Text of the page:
All posts by John Chow

Women’s Squad Drills #1: Deception of Attack

Some notes from the womens’ sabre squad training session at Sydney Sabre on Wednesday 8/11/2017:
Sabre is all about deception.

The types of deception used are generally different for women’s sabre and men’s sabre. For men – and frankly, only the young guns before their joints start to go and their brains start working – deception is mainly around speed and distance. Pretend to be slower than you are, with shorter range, and hit your opponent by surprise from further and/or sooner than they expected.

For women’s sabre, this usually isn’t an option especially if they are training in a mixed environment with men who are physically more suited to blazing speed. Deception in women’s sabre (and old man game) is primarily around intention. The most common deception of this type is to fake the intention to attack. There are two basic applications:

1. Fake the attack at the start of the bout: this deception is based on simulating the speed, sound, and body language of making an attack in the 4m zone while hiding your minimal insertion distance into the 4m zone and your intention to parry riposte their immediate attack.

2. While on the march: this deception is based on simulating the speed, sound, and body language of finishing the attack, while hiding your real distance being too far away for your opponent to counterattack or beat your blade, and your intention to trick your opponent into retreating so that you can anticipate when they will subsequently slow down (and thus give you an opportunity to actually accelerate to finish your attack and hit).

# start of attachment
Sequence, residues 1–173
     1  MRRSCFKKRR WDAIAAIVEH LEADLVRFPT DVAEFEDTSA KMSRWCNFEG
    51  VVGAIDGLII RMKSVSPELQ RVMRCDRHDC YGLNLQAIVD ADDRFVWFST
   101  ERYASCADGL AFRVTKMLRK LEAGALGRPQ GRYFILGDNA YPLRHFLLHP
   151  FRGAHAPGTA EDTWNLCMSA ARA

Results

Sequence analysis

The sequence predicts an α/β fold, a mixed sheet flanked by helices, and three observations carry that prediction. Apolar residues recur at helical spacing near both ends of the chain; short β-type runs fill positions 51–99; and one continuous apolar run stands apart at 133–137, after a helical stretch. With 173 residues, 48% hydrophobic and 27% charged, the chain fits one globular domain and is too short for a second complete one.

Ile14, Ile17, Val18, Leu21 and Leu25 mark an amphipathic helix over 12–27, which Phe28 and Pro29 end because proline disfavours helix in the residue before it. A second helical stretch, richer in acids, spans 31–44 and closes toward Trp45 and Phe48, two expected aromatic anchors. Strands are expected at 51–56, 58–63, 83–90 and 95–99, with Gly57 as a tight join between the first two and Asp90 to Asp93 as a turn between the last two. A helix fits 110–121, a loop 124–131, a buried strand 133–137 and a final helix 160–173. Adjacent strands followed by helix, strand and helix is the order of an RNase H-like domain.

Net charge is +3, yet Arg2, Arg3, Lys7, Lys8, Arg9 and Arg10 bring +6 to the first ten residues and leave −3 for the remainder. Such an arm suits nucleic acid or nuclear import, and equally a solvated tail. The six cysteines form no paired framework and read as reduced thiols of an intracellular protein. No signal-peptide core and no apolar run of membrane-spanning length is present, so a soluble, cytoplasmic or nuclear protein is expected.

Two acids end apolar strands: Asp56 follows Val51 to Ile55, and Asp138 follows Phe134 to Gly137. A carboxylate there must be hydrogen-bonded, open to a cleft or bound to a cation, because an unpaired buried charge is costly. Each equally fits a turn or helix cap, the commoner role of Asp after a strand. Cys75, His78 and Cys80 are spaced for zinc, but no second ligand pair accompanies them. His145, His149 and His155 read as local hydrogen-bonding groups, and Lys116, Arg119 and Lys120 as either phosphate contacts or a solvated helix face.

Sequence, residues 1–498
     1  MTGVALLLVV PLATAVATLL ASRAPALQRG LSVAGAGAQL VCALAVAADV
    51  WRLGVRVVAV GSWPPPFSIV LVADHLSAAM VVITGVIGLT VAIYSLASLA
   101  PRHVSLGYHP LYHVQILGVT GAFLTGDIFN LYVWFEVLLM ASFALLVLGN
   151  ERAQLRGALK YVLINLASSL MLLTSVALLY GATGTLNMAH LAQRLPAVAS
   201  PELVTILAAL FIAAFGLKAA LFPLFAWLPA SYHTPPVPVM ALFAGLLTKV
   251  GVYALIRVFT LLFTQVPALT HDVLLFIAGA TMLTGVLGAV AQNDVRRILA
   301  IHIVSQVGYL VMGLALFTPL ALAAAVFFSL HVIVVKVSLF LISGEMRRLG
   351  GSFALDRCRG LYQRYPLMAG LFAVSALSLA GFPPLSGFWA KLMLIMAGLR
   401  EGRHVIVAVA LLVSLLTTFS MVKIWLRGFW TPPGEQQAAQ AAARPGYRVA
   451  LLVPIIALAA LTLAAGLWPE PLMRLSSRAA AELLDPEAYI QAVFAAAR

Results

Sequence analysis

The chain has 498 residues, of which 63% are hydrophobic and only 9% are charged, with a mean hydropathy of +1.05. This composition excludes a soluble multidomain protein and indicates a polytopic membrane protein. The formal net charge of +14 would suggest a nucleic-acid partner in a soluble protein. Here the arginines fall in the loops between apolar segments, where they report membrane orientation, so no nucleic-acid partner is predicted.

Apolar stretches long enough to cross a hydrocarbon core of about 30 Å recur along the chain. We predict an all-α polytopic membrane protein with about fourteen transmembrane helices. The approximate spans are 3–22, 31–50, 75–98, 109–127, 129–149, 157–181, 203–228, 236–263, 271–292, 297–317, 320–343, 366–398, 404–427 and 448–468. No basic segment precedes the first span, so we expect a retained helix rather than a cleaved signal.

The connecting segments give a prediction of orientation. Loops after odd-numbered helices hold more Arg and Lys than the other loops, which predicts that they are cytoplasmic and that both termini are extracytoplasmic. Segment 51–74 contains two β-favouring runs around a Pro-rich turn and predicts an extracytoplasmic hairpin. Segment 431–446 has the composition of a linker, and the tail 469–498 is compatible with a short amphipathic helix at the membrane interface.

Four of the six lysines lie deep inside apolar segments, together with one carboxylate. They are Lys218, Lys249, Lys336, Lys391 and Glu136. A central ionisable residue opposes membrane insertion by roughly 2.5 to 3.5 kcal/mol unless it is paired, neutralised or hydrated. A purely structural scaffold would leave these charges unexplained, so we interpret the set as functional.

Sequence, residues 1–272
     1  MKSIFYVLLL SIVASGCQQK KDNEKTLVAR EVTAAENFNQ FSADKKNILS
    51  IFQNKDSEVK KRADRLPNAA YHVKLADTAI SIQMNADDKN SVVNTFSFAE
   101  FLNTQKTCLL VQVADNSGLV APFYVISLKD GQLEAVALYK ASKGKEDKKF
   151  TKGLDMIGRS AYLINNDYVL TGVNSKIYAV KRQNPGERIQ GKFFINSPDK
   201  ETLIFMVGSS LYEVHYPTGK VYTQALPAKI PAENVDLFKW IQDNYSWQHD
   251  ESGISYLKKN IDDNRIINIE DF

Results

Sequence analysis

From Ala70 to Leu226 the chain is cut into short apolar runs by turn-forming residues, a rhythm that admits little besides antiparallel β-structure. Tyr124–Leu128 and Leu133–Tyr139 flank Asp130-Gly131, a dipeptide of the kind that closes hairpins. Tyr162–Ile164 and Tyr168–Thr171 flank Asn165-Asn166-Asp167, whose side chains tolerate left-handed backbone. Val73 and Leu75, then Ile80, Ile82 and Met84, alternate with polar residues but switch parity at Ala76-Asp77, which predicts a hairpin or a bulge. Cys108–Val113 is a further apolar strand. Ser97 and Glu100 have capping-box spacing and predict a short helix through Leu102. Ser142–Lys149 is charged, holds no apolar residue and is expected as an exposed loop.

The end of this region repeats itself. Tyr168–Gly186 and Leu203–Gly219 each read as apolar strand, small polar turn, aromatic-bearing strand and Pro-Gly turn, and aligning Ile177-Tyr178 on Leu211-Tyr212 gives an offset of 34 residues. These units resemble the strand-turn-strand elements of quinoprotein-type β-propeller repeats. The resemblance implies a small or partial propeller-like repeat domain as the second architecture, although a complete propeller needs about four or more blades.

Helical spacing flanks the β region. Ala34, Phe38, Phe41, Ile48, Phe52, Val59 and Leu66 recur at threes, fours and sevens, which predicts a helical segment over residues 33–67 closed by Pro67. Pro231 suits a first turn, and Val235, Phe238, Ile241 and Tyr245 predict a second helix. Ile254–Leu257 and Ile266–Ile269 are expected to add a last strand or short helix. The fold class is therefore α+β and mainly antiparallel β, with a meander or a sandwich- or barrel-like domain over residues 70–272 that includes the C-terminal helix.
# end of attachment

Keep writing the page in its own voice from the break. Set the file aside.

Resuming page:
We complemented these applications with backup actions should the initial deception fail.

For application 1 (faking the attack in the 4m zone), we practiced an initial backup to take the opponent’s blade should they not be deceived by the fake attack and proceed to continue their attack while holding back. We also practiced a secondary backup to takeover priority if the opponent decided to also make fall short instead.

For application 2, we practiced an initial backup of flunge (K-style) for opponents who refused to retreat from the fake attack, and a secondary backup of jump back/parry riposte for opponents who decided to parry forward or counterattack instead.

The drills we executed were as follows:

  1. Drill 1: Fake attack to make fall short, fake finishes during march
  2. Drill 2: As per 1, with backup 1 (take blade) in the 4m zone.
  3. Drill 3: As per 2, with backup 1 and 2 (takeover) in the 4m zone.
  4. Drill 4: As per 3, with backup 1 (flunge) during the March
  5. Drill 5: As per 4, with backup 1 and 2 (jump back/parry riposte) during the March.

More to follow.

 

This work is made possible by the research work done by the staff and students at the Sydney Sabre Centre, so if you like this I would really appreciate you leaving a review on Facebook and Google – 5 stars would be great but even better if you tell us why!
 
We read every single review and are always looking to improve how we do things because ultimately Sydney Sabre is all about  sharing this great sport and making it accessible to everyone. I know that this sport is a big part of who I am today, and wish this place was around when I was growing up.